KISSIMMEE, Fla. - The Department of Housing and Urban Development's section
184 guaranteed American Indian mortgage is a good niche product for
lenders, attendees of the Florida Association of Mortgage Brokers' annual
convention here heard.
Not only can local brokers earn good fees for originating the mortgages for
national lenders, HUD "has never taken more than a day to underwrite a
file," said Sherri L. Eckles, sales and training manager, M&T Mortgage
Corp., Ballston Lake, N.Y.
Eckles, who taught an educational seminar on the 184 at FAMB's annual
meeting, said the HUD 184 "is turning into a growing market. This is one
that is actually going up the hill."
HUD, which has guaranteed more than $200 million in HUD 184s, most in
recent years, has set goals of $100 million for this year and $200 million
for next, Eckles said. To help reach these aggressive goals, it has
expanded the definition of "Indian areas" to include 11 whole states,
including Florida, which was the first to be opened up, at the request of
the Seminole Tribe of Florida.
Previously, only existing reservations or the Indian areas of Alaska and
Oklahoma, which have no reservations, had been eligible for HUD 184
According to Eckles, these expansions will make it easier for brokers and
lenders to do 184s, since they open up more private, or "fee simple,"
property. Reservations contain both tribal trust land and individual trust
allotments, which complicate mortgages.
M&T Mortgage, a unit of M&T Bank, is a HUD 184 lender through third
parties, such as local mortgage brokers in California and Washington state.
Eckles said the mortgage bank has originated around 60 loans, most in the
past two years, through the HUD 184, which guarantees 100 percent of lender
A lot of its volume has been with the Morongo Tribe of California. There,
local brokers can earn up to 5 percent of the mortgage amount for
originating HUD 184s. So, on a $350,000 mortgage, a broker can earn nearly
$16,000, Eckles said. The mortgage bank will pay no more than five points,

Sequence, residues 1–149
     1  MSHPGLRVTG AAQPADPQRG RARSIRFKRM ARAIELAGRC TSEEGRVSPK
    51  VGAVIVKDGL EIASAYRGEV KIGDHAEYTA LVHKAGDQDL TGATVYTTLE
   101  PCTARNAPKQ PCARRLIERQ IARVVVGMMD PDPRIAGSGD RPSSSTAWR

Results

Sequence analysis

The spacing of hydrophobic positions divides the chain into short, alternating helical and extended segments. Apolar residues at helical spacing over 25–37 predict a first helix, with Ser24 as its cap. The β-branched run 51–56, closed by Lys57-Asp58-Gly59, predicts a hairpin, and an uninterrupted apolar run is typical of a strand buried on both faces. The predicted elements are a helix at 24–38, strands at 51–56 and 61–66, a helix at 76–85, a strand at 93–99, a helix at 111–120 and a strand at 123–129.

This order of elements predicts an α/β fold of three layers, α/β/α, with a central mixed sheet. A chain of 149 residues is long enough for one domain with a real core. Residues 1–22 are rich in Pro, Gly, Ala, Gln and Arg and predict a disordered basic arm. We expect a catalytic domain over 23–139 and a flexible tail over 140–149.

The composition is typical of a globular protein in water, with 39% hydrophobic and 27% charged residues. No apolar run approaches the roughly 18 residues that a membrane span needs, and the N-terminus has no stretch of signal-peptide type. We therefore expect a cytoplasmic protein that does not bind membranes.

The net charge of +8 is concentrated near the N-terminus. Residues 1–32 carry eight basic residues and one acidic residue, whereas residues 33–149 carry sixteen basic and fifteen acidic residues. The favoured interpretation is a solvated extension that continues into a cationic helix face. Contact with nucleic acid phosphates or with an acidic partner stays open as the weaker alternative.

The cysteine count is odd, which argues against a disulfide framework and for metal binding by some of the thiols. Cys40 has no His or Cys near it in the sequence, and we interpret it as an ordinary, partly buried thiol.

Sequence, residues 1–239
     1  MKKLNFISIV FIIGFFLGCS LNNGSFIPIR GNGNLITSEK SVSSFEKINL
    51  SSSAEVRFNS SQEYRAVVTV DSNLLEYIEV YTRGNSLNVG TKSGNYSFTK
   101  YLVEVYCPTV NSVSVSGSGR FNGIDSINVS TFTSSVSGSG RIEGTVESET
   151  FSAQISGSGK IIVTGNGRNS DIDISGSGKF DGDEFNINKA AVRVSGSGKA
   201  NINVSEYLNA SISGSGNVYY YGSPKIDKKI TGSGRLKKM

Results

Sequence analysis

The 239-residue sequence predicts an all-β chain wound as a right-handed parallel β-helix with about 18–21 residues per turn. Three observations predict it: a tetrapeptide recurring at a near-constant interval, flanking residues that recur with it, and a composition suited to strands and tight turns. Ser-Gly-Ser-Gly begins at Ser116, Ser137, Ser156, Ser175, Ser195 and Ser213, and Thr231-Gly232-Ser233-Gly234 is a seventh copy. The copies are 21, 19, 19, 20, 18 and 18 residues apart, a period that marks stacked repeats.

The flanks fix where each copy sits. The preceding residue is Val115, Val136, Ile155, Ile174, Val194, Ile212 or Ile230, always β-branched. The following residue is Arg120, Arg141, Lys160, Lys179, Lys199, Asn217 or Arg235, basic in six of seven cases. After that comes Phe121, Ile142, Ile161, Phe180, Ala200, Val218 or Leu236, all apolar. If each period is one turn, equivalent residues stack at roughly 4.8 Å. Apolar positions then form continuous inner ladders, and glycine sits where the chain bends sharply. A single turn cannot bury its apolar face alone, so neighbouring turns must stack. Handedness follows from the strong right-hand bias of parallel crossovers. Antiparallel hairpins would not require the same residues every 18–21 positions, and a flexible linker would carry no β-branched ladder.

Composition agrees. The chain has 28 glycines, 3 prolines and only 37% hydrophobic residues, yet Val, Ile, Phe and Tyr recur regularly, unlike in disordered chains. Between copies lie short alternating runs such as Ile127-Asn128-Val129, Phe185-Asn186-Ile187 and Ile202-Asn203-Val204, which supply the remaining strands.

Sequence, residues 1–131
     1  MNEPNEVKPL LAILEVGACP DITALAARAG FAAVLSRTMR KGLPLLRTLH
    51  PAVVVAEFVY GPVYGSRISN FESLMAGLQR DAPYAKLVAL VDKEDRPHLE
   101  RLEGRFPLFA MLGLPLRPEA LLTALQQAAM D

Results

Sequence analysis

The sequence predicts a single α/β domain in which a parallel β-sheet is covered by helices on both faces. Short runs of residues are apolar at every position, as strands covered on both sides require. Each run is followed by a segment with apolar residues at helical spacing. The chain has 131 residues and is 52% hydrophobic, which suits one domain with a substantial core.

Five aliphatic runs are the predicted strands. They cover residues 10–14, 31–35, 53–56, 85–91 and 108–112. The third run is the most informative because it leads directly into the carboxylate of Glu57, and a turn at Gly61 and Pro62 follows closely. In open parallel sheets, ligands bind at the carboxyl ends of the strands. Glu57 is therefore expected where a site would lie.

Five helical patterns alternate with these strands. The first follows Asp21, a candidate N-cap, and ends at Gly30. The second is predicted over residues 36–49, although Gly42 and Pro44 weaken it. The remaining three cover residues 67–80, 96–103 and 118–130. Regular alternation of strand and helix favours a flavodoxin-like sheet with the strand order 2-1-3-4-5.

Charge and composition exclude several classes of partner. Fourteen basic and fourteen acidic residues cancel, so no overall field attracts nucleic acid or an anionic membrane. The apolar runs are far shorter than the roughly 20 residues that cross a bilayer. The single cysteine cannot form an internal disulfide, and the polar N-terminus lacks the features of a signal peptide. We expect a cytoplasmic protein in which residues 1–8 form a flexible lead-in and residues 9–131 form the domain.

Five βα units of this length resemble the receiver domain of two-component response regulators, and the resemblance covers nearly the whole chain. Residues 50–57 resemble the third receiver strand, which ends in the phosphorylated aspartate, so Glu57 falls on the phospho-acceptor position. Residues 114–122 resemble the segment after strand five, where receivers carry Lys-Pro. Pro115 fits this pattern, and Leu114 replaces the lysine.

though, to deter concerns about "predatory" lending.
She said GreenPoint Mortgage is another national lender that uses brokers
to originate HUD 184s, while Wells Fargo Mortgage and Bank One (now a part
of JP Morgan Chase) are examples of nationwide lenders that do HUD 184s
through their own retail branches.
In addition, local banks in Indian areas, such as the Chickasaw-owned Bank2
of Oklahoma City, also specialize in the HUD 184.
Eckles acknowledged to the Florida brokers that HUD 184s can be hands-on
and take longer to do than other mortgages. The BIA can be a roadblock,
since it must do a title status report on the property involved and has
been known to take extended periods of time to get them done.
"Cultivate a relationship with them," she advised the brokers, noting that
some lenders have gotten title documents out of BIA in two weeks. Other
turnarounds have been four and six months. Different agencies around the
country are also quicker than other local agencies.
Eckles also pointed to flexible underwriting standards for the HUD 184,
reflecting the fact that many Indians have little or no credit history and
unorthodox income sources, such as seasonal employment or tribal per capita
HUD looks at an overall credit history, not isolated incidents, and will
look at "alternative underwriting" such as history of rental, phone, cable
or utilities payments. Lack of credit is not a basis for denial.
An allowance for the tribe to contribute money towards down-payment and
closing costs, either through grants or second mortgages, also helps Native
people qualify for HUD 184s, she said.
The program can finance sales of new or existing homes, construction of new
homes, rehabs, or refinancing of prior loans. In addition to individual
Indians, tribes and their housing entities are also eligible to get HUD
184s to help finance housing projects.
Loan limits are the lowest of three factors: 150 percent of the Federal
Housing Administration loan limit in the specific county, 97.75 percent to
98.75 percent of appraised value, or 97.75 percent to 98.75 percent of
acquisition costs. Eligible properties include those with up to four